While I generally avoid reviews of books that I’m planning to write about here—I like to go in blind so as to avoid any preconceived opinions—I did run across Kirkus’ pull-quote of C.L. Gaber and V.C. Stanley’s Jex Malone, which was comprised of two very succinct words: “A dud.”

But, as Kirkus and I don’t always agree, I went ahead and read it anyway. The premise ALONE demanded that I read it; knowing it included quotes from famous girl detectives ranging from Jessica Fletcher to V.I. Warshawski to Jane Marple to Nancy Drew was just icing on the cake. Sadly, underneath that lovely frosting, the cake was lumpy and underdone. As I have a tendency to let metaphors get away from me, I’ll just say it flat-out: Kirkus was right about this one.

For the past seven summers, Jessica “Jex” Malone has found a way of avoiding time with her estranged detective father. But now, finally, she’s used up all of her wiggle room, and now she’s headed off to Green Valley, Nevada, doomed to eight weeks of hideous heat, awkward daddy-daughter bonding, and sleeping on a pull-out couch in her workaholic father’s home office. In addition to being constantly overheated and annoyed, she’s expecting to be bored and lonely…but instead, is rapidly adopted by a trio of besties—Cassandra “Cissy” Gutierrez, Natalie “Nat” Mordecai and Devalekha “Deva” Patel. During their first encounter, they A) hack into her father’s work computer, B) dive into his boxes of cold-case files, and C) form the Drew-Ids, a secret crime-solving club. Their goal? To solve the 13-year-old disappearance and probable murder of Patty Matthews, the very same case that destroyed Jex’s parents’ marriage.

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I really WANTED to like this book. I mean, based on the premise, it looks practically tailor-made for me. But, alas. The main, overarching reason it doesn’t work is this: It reads like two or three different drafts of the book were smooshed together into a non-cohesive, often incoherent mess.

  • There are continuity errors, like in Patty’s secret journal (which is a problematic element in itself), when she writes about her father taking “what was left of” her bedroom door off of its hinges…and then, a few entries later, about him kicking the same door “half off the hinges.”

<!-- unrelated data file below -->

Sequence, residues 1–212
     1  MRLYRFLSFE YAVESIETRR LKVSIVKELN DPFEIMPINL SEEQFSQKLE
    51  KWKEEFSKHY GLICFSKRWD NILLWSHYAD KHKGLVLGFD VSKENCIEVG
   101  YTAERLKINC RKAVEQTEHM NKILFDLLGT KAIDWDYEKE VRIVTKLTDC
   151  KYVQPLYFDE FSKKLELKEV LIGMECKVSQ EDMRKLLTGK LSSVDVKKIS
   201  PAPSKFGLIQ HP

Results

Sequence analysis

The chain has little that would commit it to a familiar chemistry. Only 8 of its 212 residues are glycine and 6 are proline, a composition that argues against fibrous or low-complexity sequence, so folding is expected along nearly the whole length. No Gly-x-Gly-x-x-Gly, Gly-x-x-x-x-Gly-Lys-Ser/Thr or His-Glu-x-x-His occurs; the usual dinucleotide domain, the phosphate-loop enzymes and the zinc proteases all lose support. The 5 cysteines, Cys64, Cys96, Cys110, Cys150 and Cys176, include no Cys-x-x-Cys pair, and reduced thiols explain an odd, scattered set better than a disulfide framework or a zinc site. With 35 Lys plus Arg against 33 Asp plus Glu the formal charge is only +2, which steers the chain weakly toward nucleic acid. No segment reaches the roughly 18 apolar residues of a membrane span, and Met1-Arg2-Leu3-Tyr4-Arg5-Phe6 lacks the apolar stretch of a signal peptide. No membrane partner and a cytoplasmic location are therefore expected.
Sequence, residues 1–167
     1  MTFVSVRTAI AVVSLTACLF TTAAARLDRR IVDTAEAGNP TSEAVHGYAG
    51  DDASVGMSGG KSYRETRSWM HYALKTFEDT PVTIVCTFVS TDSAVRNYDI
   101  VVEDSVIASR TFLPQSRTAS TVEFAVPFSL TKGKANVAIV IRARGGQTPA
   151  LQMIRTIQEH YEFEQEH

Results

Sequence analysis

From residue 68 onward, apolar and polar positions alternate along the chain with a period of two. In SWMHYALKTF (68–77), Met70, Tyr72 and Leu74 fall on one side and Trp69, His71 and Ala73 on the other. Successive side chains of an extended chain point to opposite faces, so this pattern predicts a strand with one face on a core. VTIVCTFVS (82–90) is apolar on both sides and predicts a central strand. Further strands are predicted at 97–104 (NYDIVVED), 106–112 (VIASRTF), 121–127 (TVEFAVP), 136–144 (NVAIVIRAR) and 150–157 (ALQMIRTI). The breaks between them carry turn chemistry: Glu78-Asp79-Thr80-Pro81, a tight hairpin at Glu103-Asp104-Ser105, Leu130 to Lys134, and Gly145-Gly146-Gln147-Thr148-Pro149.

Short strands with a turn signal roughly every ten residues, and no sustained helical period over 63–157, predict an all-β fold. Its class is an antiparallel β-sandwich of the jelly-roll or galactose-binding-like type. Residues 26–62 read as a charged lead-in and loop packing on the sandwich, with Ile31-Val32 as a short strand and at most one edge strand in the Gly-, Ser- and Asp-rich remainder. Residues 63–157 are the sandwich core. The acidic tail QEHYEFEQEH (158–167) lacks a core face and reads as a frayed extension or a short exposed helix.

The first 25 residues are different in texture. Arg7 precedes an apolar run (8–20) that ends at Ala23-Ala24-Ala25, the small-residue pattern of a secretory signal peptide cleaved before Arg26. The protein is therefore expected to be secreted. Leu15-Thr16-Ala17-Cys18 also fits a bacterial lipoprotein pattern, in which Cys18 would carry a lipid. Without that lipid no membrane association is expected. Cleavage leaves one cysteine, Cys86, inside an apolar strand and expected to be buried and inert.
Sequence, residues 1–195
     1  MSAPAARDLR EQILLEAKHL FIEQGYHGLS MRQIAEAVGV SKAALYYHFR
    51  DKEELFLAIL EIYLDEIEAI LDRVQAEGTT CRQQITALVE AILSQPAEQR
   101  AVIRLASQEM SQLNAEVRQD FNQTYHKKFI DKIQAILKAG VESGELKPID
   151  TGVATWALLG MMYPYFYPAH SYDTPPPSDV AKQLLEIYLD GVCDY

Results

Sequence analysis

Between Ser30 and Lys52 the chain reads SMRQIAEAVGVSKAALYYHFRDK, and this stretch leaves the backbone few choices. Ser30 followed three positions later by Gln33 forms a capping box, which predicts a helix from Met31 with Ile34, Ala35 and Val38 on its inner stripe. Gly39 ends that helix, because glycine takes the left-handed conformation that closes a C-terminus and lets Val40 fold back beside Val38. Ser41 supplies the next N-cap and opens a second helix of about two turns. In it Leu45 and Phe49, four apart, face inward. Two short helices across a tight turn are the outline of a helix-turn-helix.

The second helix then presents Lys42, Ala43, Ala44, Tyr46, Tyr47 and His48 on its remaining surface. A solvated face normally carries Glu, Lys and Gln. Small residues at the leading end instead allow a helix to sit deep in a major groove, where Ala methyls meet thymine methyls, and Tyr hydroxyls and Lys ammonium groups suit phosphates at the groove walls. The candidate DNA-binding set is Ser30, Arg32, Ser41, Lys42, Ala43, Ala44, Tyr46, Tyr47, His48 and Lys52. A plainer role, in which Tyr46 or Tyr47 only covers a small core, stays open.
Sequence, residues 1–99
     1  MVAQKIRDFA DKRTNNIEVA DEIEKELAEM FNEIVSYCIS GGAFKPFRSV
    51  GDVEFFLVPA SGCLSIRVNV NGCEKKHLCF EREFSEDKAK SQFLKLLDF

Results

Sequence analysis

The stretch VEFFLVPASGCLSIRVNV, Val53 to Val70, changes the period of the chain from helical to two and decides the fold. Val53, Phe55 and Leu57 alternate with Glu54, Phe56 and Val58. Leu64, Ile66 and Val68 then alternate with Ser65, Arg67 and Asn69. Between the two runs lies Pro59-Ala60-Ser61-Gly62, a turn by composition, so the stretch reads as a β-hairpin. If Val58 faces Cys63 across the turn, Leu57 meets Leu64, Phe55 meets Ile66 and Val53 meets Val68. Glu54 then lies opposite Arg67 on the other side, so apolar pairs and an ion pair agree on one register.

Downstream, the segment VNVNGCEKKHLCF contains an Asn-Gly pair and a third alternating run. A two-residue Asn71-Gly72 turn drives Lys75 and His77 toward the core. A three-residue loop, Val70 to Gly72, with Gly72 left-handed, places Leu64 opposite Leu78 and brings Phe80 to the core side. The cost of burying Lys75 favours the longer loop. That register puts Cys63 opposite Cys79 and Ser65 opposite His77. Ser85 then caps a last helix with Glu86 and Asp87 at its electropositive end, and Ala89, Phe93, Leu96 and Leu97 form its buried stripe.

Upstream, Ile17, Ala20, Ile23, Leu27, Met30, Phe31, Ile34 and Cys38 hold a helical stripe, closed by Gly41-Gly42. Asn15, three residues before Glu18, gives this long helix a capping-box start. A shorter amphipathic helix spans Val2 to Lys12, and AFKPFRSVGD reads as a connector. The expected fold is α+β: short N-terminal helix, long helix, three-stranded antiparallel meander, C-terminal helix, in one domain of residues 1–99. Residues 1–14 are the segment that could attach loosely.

• Jex heads out to Nevada under duress, with no interest in getting to know her father whatsoever, but then, toward the end of the book, she suddenly changes her tune, and implies that she CHOSE to go west, “...to find out about my dad and settle things once and for all.”
  • In the prologue, she does a bunch of (perfectly grammatically correct) texting with her BFF…who we never hear about again.
  • She’s had next-to-no interaction with her father for her entire young adult life, yet she semi-regularly spouts off mystery-solving tips that she’s heard him say “a million times.”
  • She talks about how she’s “getting better at [worrying] by the day”... when it’s the first time she’s referenced being worried about anything.
  • And then there’s the idea that these four 16-year-old girls would suddenly, out of nowhere, START A CRIME-SOLVING CLUB—including writing up a Code of Conduct that includes a whole clause about long-distance friendship—when one of the girls has known the others for less than 24 hours and ONLY ONE OF THEM is remotely interested in crime. If they’d come up with the club and the Code of Conduct AFTER solving the case, it would make sense. Beforehand, it’s just…ludicrous.

But wait, there’s more!

It seems seriously unlikely that the police force would allow a detective to keep an entire closet full of cold case files IN HIS HOUSE. There’s Cooper, the love interest, who is defined entirely by his relationship to the missing girl and by his “perfect field of summer grass” green eyes. There’s the dialogue, which is soap operatic and stilted (“Despite what I told you the other night, I don’t want to talk about my sister!”), and the narration, which often reads like it was run through Google Translate a few times before being printed (Then I remember the look of true sorrow on Billy’s dumb face and the words that harsh Melissa said before she walked away.). There’s the fact that the girls—Patty’s journal included—read (and act) closer to 12 than to 16, the inconsistencies in character development, the constant jumping-to-conclusions, the inane plotting, and the ultimate resolution of the mystery, which is somehow both predictable AND ridiculous.

Whew. I guess I should have trusted that pull-quote, eh?

If she isn't writing Bookshelves of Doom or running the show at her local library, Leila Roy might be making stuff for her Etsy shop while rewatching Veronica Mars, Buffy the Vampire Slayer, Babylon 5, Black Books or Twin Peaks. Well, that or she’s hanging out on Twitter. Or both.